The undeserving sick

“Purchasers and Health Care providers with hard pressed budgets are understandably reluctant to spend money on patients who are not going to die and for whom there is controversy about the ‘reality’ of their condition (and who) are in this sense undeserving of treatment.

“Those who cannot be fitted into a scheme of objective bodily illness yet refuse to be placed into and accept the stigma of mental illness remain the undeserving sick of our society and our health service”

- “M.E. What do we know (real illness or all in the mind?)” – lecture given in October 1999 by Dr Michael Sharpe hosted by the University of Strathclyde, my emphasis

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Problems or Solutions? – Eileen Marshall & Margaret Williams, 23rd February 2005

“… We submit that this amounts to denial of the human right of fundamental freedoms under the Human Rights Act, since the Act requires that all public authorities must pay proper attention to a person’s rights when they are making decisions that affect a person. Public authorities include Government Ministers, civil servants, local authorities and health authorities. The Act requires that those in authority do not ride roughshod over people’s rights and must be careful to cause the least possible harm to individuals. To deliberately withhold the provision of appropriate medical care to those with one specific neurological disorder does result in actual harm and we submit that the time is now ripe for the decision that is known to have been taken by those in positions of authority (namely, that people with ME are “the undeserving sick of our society”) to be robustly challenged in the Courts by means of judicial review.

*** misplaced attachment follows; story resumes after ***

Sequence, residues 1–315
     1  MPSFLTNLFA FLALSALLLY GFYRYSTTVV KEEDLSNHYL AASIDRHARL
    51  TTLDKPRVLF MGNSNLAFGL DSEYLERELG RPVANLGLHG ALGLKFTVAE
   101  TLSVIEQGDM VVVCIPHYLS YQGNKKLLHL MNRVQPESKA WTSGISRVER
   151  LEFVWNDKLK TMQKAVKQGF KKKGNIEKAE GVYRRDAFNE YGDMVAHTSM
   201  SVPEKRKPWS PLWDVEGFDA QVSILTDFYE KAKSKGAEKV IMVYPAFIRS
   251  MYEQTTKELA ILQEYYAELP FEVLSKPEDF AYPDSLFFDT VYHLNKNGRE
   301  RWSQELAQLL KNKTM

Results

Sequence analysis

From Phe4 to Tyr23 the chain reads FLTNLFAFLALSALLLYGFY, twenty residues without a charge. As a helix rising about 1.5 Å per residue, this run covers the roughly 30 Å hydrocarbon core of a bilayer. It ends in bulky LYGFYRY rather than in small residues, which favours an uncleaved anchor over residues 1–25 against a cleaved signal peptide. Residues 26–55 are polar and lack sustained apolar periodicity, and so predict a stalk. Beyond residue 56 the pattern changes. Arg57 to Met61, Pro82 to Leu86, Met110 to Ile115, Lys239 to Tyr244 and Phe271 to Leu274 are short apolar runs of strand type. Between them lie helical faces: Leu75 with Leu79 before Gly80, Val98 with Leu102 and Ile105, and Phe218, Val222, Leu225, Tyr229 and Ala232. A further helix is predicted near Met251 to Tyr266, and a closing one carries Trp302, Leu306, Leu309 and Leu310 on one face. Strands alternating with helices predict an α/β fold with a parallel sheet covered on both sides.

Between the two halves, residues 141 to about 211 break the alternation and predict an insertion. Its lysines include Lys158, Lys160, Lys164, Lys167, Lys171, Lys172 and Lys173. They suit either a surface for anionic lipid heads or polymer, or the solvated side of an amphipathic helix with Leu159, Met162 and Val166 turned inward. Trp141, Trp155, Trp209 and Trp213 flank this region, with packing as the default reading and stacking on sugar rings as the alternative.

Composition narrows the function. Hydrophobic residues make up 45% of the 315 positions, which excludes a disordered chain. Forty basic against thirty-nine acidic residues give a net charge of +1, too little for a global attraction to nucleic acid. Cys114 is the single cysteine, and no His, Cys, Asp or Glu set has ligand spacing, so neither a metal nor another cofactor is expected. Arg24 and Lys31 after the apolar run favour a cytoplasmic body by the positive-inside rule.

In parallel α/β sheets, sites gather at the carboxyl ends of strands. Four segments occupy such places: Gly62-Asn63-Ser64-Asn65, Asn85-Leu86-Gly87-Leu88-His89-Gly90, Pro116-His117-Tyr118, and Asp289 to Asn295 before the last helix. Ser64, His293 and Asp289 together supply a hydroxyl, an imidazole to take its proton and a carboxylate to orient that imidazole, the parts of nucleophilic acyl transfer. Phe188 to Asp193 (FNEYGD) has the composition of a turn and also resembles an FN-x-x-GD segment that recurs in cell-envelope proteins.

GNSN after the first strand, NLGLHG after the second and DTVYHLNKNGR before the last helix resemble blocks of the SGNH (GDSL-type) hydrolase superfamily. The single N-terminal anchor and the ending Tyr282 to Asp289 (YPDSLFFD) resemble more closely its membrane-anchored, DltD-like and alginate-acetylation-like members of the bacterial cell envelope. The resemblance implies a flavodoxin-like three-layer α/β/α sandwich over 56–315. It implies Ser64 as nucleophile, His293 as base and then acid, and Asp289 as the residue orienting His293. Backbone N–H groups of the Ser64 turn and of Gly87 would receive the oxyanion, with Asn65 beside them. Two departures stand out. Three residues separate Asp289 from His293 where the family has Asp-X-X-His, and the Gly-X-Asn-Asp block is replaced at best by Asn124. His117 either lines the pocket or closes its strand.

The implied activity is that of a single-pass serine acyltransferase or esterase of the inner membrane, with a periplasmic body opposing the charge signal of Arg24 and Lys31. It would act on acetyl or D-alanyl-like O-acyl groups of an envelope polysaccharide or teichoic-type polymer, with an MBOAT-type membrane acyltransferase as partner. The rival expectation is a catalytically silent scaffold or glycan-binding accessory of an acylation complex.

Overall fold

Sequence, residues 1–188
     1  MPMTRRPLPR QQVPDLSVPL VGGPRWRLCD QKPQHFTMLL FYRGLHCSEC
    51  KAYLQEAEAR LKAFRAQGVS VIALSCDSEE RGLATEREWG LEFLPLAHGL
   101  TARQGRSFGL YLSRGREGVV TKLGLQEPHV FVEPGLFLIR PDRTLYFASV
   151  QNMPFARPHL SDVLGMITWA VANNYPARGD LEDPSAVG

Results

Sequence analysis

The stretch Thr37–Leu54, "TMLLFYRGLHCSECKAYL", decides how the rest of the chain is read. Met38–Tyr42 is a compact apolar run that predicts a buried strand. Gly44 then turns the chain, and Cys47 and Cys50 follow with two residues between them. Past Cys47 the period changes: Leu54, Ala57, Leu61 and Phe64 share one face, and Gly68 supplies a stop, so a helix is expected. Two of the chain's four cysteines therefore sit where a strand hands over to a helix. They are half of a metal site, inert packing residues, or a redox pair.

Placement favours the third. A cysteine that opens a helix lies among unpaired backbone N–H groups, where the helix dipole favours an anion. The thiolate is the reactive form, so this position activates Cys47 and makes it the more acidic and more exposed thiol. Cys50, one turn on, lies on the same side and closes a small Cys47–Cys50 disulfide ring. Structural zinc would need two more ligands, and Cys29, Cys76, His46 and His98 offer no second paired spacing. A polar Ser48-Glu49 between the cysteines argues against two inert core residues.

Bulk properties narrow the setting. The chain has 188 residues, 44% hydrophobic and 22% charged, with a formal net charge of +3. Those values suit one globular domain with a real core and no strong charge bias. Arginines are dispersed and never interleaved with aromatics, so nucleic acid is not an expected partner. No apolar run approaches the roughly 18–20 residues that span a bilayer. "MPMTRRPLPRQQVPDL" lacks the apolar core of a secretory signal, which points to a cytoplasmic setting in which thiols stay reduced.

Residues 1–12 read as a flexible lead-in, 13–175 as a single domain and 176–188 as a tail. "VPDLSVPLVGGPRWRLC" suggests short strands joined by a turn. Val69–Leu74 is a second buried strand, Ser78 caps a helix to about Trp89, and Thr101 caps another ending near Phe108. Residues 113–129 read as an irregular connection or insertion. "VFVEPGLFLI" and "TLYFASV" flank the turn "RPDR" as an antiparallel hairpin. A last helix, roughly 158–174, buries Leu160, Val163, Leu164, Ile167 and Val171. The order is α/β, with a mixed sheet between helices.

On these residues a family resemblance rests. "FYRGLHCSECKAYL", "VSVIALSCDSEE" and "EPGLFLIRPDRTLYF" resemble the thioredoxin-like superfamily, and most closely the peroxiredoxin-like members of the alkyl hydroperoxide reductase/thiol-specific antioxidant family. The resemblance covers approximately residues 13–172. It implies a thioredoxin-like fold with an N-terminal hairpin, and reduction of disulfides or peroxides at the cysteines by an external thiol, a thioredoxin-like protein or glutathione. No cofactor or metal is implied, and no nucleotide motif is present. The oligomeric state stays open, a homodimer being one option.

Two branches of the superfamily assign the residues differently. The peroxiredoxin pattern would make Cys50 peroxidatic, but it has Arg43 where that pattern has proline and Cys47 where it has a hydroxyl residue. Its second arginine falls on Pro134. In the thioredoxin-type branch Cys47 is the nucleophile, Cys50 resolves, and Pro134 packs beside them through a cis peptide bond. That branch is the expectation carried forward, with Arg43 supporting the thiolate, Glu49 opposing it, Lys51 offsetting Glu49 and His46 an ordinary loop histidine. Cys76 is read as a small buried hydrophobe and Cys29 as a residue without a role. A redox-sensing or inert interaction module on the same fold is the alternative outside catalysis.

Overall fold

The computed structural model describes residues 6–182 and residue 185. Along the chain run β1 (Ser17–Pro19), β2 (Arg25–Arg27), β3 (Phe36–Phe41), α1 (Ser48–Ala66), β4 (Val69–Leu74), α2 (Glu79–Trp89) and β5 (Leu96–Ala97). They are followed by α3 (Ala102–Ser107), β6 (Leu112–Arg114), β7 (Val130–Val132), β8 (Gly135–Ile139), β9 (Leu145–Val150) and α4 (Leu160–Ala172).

“It can no longer be denied that there is an enormous amount of available published evidence that ME/ICD-CFS is not a primary psychiatric disorder but a multi-system physical disorder of extraordinarily incapacitating dimensions that affects virtually every bodily system, most notably the neurological system, the immune system, the endocrine system, the musculo-skeletal system, the cardiovascular system, the respiratory system and the gastrointestinal system. It has distinct cardinal features that are not difficult to differentiate from psychosocial disorders, but Wessely School adherents are renowned for their intransigent dismissal of any evidence that does not accord with their own construct and so they advise that no-one should even look for such evidence, even to the point of advising Government that “no investigations should be performed to confirm the diagnosis, which is a clinical one” (Joint Royal Colleges’ Report on CFS. 1996: CR54: Summary for Commissioners, page 45) because they believe that carrying out investigations would reinforce patients’ aberrant belief that they are physically sick.

…”We submit that urgent action now must be taken and that since all efforts to enlist the support of MPs have proved ineffective, the only route left is via the Courts by Judicial Review (JR). The procedure for JR is that firstly, a written application is made to the Administrative Court at the
High Court in London; this will be considered by a Judge who will either allow it to proceed or refuse permission for it to proceed. If the Judge refuses permission, there is an automatic right to a Hearing in person before a Judge, who may grant permission for a full Hearing. Should permission still be refused (and the Prime Minister’s apparent influence
over appointment of certain members of the judiciary has been raised in the media), there is the option of lodging an appeal to the Court of Appeal. Should this be unsuccessful, a fresh cause of action may be submitted to the European Court of Human Rights in Strasbourg.”

4 thoughts on “The undeserving sick”

  1. Well, Sharpe appears to be as much of a callous fecker as his crone, Wesseley. I find it staggering for these folks to believe that it will never happen to them and/or their loved ones. I’m sure at that stage it would be a whole different ball game.

  2. A very well constructed website. And I agree that patients with CFS and related condition suffer as the undeserving sick of modern society.
    But if you read Pygmalion by Bernard Shaw you will understand that that is a criticism of social morals and conventions – not a literal statement!
    MS

  3. Hello Michael. Your comment has prompted me to a rather fuller response than you may have expected, and provided me an opportunity to express some views on the CBT/GET school of thought that have been waiting in my personal queue for some time, so I’m glad you came along. It’s a separate entry and it’s here.

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